Sunday, July 26, 2009


Will he come today?

That is my waking thought every day. (I allow the gender-specific reference only in deference to Samuel Beckett.)

Will the right buyer show up today, offer a contract and buy the condo so I can pack up and head for San Francisco?

Today, eight people came to my realtor's Open House here. That's good. We'll see.

Meanwhile, I walk through my rooms eyeing Stuff. "You're going," I say to the Madcracker poster. "You're not," I tell the photograph of the teen-age moose. "What?" I imagine the moose saying. "You would opt for an old poster over a real photo of a real moose?"

Maybe. Maybe not. Maybe I will sell both.

To help me sort it all out, I am reading Julie Morgenstern's book "When Organizing Isn't Enough: SHED Your Stuff, Change Your Life." That acronym stands for:

* Separate the treasure.

* Heave the trash.

* Embrace your identity.

* Drive yourself forward.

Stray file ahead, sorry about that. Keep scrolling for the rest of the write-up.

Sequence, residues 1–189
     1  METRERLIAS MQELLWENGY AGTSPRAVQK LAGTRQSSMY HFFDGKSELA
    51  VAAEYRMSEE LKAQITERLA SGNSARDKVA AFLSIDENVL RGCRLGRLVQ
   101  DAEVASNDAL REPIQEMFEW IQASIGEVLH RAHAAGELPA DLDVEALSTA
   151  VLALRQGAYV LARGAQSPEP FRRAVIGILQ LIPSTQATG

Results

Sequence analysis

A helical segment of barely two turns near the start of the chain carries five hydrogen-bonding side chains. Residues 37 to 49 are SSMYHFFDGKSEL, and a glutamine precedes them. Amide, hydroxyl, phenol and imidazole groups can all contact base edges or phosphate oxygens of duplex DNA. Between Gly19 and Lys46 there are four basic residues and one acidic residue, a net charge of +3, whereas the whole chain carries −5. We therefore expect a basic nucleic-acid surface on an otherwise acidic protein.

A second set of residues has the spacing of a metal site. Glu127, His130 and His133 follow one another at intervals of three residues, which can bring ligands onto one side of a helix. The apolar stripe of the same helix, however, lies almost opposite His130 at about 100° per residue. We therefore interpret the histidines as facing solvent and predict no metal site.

Sounds like more of a workout than water aerobics.

I am not, as some friends have pointed out, particularly attached to my stuff -- at least until I stare at any one item and try to determine whether to take it or leave it.

I do know that I am not my stuff. I know that my stuff does not define me.

Had I not known, I would have found out in Morgenstern's book. Still, I'm not sure that my inner bohemian is ready to shed every last item. The trick seems to be choosing what will make the journey and what will go to the down-sizing sale.

Deciding about big stuff is easy. I'll sell the bedroom furniture, the dining room furniture, the office furniture. I really like my loveseat and the matching chair-and-a-half and ottoman. I can't leave behind my purple shell-shaped chair.

I've looked at used furniture on Craisglist. People are eager to shed --- er, sell -- lovely kitchen tables, desks and bedroom sets. I'll buy those when I get to San Francisco. People also are eager to sell lumpy, discolored couches and chairs. The guy from the moving company said if I leave behind my living room furniture, I'll save $295.

Ha! I can't replace what I have for that. I will take my upholstered furniture, and be happy that I did.

"Just take your purse," said my friend Gail.

Another friend, when I told her Gail's advice, commented, "She's got a bigger purse."

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